Justice Sonia Sotomayor again explicitly calls for an end to qualified immunity.
Lawsuit alleges that two-thirds of Mississippi courts illegally bar access to search warrants, which should be public documents under the state’s open records law.
According to a lawsuit, the Vanderbilt University Medical Center turned over the medical files of trans patients to the Tennessee attorney general. Regardless of where you come down on trans issues, this ought to scare the hell out of you.
Air Force general says “Judeo-Christian values” will ensure that the military’s use of AI will be ethical. Because those values have been so effective in the past!
A Wall Street Journal investigation of the shadow police operations that the United States funds all over the world.
Interesting study on the discrepancy between where in a city people think crime occurs, and where it actually occurs.
Crazy idea: Instead of nudging vulnerable young people into extremism in order to goose arrest statistics, perhaps the FBI could try to intervene and steer them onto the right path.
Judge finds that longtime forensic celebrity Henry Lee fabricated evidence in a murder case. It isn’t the first time Lee has faced misconduct allegations. He also helped promote an infamous “accreditation by mail” forensic organization.
A Houston non-profit has been cited over 30 times for illegally feeding homeless people. Each citation cost the group $2,000. The good news — a Houston jury recently acquitted one volunteer of the charge.
I don’t agree with the Heritage Foundation on much these days, and their motivations here at suspect at best — but these are pretty good recommendations!
Here’s a story about Georgia man who has been detained for 10 years without a trial. Here’s one about a North Carolina man detained for 11. And here’s one about Chicago court finally releasing a man who had been detained for 12.
Maryland legalizes oral and anal sex.
Ron DeSantis said he was reinstitute the Florida State Guard to respond to disasters. Instead, he appears to be creating a new militia.
Is Tennessee still a Democracy? I’d just add this: My home city of Nashville voted for Biden by 32 points in 2020. It’s now represented by three members of Congress. All are Trump-supporting Republicans, and one of them lives within 25 miles of the city limits.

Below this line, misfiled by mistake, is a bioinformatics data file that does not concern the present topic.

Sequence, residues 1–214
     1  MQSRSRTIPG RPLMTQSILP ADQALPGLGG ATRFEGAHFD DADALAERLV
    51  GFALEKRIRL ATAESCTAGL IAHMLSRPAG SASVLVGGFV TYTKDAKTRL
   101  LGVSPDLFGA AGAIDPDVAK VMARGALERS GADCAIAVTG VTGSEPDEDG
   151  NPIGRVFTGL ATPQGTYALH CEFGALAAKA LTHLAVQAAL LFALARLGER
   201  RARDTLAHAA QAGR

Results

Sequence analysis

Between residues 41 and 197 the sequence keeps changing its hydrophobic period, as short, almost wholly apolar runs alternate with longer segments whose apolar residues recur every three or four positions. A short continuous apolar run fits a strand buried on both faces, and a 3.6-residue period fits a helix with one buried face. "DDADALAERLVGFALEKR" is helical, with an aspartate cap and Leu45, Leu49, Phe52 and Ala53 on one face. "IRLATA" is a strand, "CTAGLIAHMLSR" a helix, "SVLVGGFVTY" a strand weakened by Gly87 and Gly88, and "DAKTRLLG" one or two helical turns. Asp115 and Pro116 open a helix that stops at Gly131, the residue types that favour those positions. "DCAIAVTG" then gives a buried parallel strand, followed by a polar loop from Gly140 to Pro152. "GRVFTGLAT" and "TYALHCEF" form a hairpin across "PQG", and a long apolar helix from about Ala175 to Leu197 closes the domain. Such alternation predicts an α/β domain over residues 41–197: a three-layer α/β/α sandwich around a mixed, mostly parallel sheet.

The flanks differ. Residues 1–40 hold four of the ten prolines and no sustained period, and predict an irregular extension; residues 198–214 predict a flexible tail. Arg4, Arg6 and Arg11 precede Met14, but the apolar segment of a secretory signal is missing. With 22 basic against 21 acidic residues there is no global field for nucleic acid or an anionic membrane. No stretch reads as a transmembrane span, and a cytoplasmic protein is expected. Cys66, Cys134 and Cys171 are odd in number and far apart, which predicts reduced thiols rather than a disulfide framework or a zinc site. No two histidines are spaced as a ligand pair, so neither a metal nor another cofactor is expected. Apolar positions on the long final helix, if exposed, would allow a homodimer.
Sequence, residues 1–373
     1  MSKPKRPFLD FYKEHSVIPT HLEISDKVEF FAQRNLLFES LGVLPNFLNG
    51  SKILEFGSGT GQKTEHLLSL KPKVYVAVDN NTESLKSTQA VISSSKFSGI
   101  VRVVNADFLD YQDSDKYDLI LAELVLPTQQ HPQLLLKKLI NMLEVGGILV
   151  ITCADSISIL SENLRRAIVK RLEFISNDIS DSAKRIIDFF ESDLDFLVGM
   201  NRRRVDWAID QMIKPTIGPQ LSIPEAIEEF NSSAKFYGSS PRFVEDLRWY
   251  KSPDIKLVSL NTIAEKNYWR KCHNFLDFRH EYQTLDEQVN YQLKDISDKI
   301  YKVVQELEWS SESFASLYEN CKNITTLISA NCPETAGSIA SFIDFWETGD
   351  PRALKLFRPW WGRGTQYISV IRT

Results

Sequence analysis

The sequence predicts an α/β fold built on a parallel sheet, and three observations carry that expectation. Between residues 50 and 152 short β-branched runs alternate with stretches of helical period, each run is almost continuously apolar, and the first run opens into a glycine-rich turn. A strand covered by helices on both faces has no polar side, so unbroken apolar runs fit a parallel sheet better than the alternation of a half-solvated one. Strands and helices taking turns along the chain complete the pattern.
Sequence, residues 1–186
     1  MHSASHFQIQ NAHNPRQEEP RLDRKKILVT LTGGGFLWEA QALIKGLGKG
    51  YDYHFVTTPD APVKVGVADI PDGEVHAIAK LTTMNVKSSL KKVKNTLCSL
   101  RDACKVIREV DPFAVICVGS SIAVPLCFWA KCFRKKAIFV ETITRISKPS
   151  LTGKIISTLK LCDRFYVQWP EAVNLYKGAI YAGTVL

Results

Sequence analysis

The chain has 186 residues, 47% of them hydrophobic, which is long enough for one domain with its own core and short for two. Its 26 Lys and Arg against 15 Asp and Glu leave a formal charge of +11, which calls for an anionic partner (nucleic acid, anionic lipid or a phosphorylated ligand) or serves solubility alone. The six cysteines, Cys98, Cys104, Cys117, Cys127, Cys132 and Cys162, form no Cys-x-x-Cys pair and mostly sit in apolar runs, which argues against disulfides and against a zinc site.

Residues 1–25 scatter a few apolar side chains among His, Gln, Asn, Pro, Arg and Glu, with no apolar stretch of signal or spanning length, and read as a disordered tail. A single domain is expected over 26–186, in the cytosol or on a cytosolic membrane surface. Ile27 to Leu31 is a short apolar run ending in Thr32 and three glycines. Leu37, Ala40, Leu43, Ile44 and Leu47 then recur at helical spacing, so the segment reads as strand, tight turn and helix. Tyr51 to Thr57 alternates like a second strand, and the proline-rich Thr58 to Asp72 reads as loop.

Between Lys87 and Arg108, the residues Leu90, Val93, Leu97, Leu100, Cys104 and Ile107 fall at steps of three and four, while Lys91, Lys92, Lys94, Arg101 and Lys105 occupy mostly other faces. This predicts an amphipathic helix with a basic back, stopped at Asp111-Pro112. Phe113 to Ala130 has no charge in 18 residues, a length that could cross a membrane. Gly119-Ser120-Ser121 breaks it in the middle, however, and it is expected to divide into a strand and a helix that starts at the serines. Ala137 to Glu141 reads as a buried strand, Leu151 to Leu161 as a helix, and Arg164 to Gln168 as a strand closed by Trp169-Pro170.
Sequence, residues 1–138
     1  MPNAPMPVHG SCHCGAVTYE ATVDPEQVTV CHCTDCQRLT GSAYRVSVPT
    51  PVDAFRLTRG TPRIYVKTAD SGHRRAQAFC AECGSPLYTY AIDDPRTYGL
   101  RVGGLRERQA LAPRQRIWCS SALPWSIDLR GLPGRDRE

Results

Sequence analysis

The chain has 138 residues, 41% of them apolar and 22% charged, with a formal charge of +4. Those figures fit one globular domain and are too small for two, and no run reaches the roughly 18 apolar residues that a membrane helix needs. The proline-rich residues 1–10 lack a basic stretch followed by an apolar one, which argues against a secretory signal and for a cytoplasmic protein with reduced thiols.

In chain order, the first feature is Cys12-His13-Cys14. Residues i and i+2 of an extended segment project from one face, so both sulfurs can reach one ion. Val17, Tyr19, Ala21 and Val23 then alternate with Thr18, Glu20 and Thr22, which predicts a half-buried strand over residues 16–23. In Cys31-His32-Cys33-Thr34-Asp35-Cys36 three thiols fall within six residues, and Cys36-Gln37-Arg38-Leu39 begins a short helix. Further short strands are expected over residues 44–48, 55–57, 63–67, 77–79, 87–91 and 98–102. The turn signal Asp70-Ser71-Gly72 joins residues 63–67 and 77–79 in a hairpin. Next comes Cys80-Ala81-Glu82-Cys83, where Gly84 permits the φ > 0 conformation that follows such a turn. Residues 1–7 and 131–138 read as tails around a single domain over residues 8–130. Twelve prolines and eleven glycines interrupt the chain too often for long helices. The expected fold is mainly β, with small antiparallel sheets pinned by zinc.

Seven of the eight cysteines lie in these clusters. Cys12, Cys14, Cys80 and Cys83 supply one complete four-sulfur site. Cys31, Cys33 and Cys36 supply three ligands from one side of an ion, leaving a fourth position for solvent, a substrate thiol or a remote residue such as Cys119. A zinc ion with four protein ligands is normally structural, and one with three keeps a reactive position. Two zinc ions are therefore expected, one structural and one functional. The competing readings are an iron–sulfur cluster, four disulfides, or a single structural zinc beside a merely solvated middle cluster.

Another woman was forced to have an emergency hysterectomy after she was denied abortion care, this time in Tennessee. The woman faced life-threatening complications from her pregnancy, but citing Tennessee’s post-Dobbs abortion law, doctors refused to treat her. She was forced to get the hysterectomy, which will prevent her from having any more children.
The data consistently show that youth curfews don’t work. Yet cities keep using them.
“If you want to come the U.S., do it legally.” Here’s why that’s almost impossible for most people.
Just an utterly devastating story: An Australian woman was convicted of murder after four of her children died in infancy. She was dubbed the country’s worst female serial killer. She was released in June after 20 years in prison when DNA testing showed that all four of her children had died because of a genetic mutation.
This month in dog history
In August of 1932, Canine megastar Rin Tin Tin passed away at the age of 14. He was with his owner Lee Duncan at the time of his death. Duncan, a World War I veteran, rescued the pup from a battlefield near the French village of Flirey, where Duncan and other soldiers happened upon Rin Tin Tin and his litter of siblings — the only survivors at an abandoned kennel. The dog would go on to start in 27 movies and become the biggest animal headliner of early Hollywood. The pup’s massive popularity boosted the fortunes of Warner Brothers studio, propelled the career of producer Darryl Zanuck, and by the mid-1920s made German Shepherds the most popular dog breed in the country. In 1960, Rin Tin Tin’s paw print was added to the Hollywood Walk of Fame.
Near Page, Arizona